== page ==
Photo/IllutrationPrime Minister Shinzo Abe takes questions from reporters who waited for him at the entrance to the prime minister’s office in Tokyo on Nov. 15. (Takeshi Iwashita)

Prime Minister Shinzo Abe moved to silence his critics late Nov. 15 by uncharacteristically engaging in a lengthy Q&A session with reporters eager to get to the bottom of yet another scandal.

At issue is a cherry blossom gathering he hosted in a posh part of Tokyo that is under scrutiny over allegations that many of his supporters were invited from his electoral district in Yamaguchi Prefecture at the expense of taxpayers.

Opposition parties have accused Abe of using the event for personal gain.

Abe also faces allegations that his office and supporter’s organization might have breached the Political Offices Election Law and Political Funds Control Law by possibly funding a socializing party for those supporters held at the Hotel New Otani, a luxury hotel in the capital’s Chiyoda Ward, the night before the cherry viewing, that he attended with his wife.

Each participant reportedly paid only 5,000 yen ($46) to attend the party, which opposition parties contend was a steal, given that the rate for such gatherings at the New Otani is at least 11,000 yen.

Compounding the issue is the fact that political funding reports submitted by Abe's political organizations did not list any costs related to the party.

In reply to mounting calls for explanation, Abe spent more than 20 minutes answering questions from reporters on Nov. 15.

He denied any wrongdoing, clearly intent on closing the curtain on the scandal as quickly as possible.

“All the costs, such as the fee to attend the party and travel and hotel expenses, were financed by each participant,” Abe stated, adding that his office and his supporters’ organization played no role in covering those outlays.

He said the New Otani's management decided on the 5,000 yen fee after taking into account that most of the participants stayed the night in the hotel.

But opposition parties, as well as experts on the issue of political funds, remain far from being persuaded by Abe's explanation, saying he offered no evidence to back up his claims.

They are demanding that evidence be presented at Diet sessions.

“The prime minister simply issued a verbal denial," noted Tomoaki Iwai, a professor of politics at Nihon University. “That does not amount to uncovering the facts.”

Abe's meeting with reporters marked the first time he has touched on the cherry blossom viewing and related events after he told a Diet session he “was not involved” in choosing invitees on Nov. 8.

It was later learned that his supporters were notified by his office about a sightseeing tour to Tokyo, including the cherry blossom viewing. That was when the function at the Hotel New Otani came to light.

In response to attacks from the opposition camp that Abe exploits the annual cherry blossom event for his own benefit, the government suspended plans to hold one next year and pledged to review the process for selecting invitees to the viewing.

The tax-funded cherry viewing, a tradition since 1952, is supposed to be held for those who are accomplished in various fields.

The number of invited guests mushroomed after Abe returned to power in late 2012. Many supporters from his home constituency were routinely invited.

Although Abe vowed to deeply reflect on the circumstances surrounding the event, he refused to promise to explain matters in detail at Budget Committee meetings in the Diet, as demanded by the opposition bloc.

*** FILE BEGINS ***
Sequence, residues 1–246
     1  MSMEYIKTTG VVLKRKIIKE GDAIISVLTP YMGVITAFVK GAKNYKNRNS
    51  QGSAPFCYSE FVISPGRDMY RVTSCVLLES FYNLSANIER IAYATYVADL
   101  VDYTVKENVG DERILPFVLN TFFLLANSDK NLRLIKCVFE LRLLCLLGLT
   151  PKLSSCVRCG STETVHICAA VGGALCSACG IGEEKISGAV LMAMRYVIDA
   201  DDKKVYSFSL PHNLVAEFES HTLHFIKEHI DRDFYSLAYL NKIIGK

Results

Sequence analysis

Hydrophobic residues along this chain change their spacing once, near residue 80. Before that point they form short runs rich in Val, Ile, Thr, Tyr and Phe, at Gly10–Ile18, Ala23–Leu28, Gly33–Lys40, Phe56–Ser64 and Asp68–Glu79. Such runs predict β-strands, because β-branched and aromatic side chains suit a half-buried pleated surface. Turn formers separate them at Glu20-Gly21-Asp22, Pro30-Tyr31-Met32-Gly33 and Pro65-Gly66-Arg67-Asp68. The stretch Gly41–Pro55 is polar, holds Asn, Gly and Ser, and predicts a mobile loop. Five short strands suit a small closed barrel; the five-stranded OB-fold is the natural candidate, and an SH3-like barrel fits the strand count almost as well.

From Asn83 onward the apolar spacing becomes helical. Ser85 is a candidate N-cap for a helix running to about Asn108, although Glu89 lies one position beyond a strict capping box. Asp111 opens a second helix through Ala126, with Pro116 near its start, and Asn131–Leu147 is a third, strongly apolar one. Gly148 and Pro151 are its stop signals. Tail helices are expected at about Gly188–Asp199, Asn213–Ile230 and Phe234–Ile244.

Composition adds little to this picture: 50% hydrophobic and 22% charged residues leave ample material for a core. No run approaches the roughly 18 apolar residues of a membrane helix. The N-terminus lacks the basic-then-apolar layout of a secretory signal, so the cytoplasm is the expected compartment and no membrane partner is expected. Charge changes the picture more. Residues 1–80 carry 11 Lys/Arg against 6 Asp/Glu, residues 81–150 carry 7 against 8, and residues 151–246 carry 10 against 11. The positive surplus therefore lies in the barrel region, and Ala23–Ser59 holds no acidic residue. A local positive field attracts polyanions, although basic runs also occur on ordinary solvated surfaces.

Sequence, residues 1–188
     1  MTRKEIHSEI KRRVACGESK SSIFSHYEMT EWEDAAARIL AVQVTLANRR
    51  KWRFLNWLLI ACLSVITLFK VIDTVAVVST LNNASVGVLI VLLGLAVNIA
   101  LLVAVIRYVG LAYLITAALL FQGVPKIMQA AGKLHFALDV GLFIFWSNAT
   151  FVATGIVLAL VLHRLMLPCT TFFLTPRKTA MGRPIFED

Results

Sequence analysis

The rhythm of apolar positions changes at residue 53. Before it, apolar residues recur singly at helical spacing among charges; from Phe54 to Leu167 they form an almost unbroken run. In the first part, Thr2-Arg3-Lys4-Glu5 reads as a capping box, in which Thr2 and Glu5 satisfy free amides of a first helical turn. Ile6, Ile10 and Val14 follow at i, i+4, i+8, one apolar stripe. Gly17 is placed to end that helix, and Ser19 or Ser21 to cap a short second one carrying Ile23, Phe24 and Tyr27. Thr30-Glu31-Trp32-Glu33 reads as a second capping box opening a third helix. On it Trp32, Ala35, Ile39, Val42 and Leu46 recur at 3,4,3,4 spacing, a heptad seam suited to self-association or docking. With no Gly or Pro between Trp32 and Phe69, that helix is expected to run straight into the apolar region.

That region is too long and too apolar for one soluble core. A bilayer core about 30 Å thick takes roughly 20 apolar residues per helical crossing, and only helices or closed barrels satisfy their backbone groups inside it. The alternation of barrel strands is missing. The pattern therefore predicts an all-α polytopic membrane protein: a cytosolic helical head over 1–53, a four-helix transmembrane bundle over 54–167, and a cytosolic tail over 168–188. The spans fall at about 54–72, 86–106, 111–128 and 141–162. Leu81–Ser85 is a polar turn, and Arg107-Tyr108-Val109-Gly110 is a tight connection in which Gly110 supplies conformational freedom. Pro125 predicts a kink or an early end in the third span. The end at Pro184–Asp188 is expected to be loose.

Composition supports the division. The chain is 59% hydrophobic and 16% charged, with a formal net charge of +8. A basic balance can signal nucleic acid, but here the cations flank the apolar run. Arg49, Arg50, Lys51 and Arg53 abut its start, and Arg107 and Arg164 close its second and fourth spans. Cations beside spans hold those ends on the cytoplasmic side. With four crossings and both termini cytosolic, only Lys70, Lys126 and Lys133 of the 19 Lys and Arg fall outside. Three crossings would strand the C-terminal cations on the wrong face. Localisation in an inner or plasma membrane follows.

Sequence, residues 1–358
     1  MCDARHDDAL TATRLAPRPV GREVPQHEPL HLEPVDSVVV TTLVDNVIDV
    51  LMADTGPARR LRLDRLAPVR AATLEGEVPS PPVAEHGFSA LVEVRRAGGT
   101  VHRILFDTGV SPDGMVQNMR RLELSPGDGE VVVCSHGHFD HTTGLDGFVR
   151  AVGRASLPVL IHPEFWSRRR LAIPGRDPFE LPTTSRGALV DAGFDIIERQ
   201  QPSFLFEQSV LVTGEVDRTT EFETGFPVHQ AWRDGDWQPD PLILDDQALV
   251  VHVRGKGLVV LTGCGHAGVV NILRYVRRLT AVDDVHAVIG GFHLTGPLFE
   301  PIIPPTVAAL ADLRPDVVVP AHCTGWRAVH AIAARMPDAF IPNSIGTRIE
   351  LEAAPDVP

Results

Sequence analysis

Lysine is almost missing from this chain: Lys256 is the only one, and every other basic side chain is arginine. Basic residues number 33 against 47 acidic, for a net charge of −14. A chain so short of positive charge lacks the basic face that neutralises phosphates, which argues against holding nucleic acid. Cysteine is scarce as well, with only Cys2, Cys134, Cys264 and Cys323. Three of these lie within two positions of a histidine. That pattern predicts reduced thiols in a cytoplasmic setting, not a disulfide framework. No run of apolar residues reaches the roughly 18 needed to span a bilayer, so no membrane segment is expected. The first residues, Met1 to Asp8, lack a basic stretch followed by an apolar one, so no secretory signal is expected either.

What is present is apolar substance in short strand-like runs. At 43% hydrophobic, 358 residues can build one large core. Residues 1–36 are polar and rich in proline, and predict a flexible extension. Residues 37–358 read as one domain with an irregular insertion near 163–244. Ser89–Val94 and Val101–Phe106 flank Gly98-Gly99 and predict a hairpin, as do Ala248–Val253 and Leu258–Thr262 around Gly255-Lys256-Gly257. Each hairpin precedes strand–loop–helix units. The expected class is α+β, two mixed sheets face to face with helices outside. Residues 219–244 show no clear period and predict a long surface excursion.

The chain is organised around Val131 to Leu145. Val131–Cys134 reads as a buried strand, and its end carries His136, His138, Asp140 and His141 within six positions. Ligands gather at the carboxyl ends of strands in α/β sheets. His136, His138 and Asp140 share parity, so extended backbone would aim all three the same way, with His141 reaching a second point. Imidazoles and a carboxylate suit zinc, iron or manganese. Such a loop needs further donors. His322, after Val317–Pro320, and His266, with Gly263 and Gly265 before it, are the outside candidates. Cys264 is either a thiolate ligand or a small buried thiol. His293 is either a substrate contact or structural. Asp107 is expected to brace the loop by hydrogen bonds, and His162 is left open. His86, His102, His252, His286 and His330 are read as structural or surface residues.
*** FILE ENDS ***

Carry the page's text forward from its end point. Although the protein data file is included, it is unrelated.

“It is impossible for the prime minister to appear before Budget Committee meetings because he is certain to become a target,” said a senior lawmaker of Abe’s Liberal Democratic Party, noting the seriousness of his quandary.

Opposition parties, including the Constitutional Democratic Party of Japan and the Japanese Communist Party, formed a united front to pursue the issue by agreeing to set up a joint task force. On Nov. 15, task force members handed Abe’s office an open letter listing 10 questions for him to answer, before the prime minister took questions from reporters.

The letter sought to ascertain the number of people invited by Abe's office to this year's cherry viewing event in April and whether Abe’s office gave any consideration to whether invitees merited such attention on the basis of their achievements and contributions.

But Abe did not address these questions when he met reporters later that day.

Also, no explanation was forthcoming to the fact the party was not listed in political funding reports submitted by political organizations related to Abe and outrageously inexpensive attendance fee.

Aside from shying away from saying how many people were invited, Abe did not mention how much the function cost overall, including food and setting up.

This is bound to leave lingering doubts among the public, according to Iwai of Nihon University.

“The calculations and the balance sheets compiled by the hotel should be presented to public,” Iwai said. He also called for detailed information on the profit margin for the hotel after it subtracted expenses for the gathering.

Akira Koike, secretary-general of the JCP, contended that Abe simply added fuel to the fire by not giving a full account.

“Who can be persuaded by his explanation? Once again, he has pinned the blame on somebody else, this time the hotel, instead of bureaucrats,” he said, referring to parallel scandals involving the Moritomo and Kake educational institutions.

The opposition has made little progress in uncovering new facts, based partly on the fact the Cabinet Office and Cabinet Secretariat refused to release a list of guests invited to the event, saying it has been already discarded.

Jun Azumi, chief of the CDPJ’s Diet Affairs Committee, said the opposition bloc will keep on pursuing the issue in light of the gaping chasm between Abe’s accounts and its understanding of the event and the party.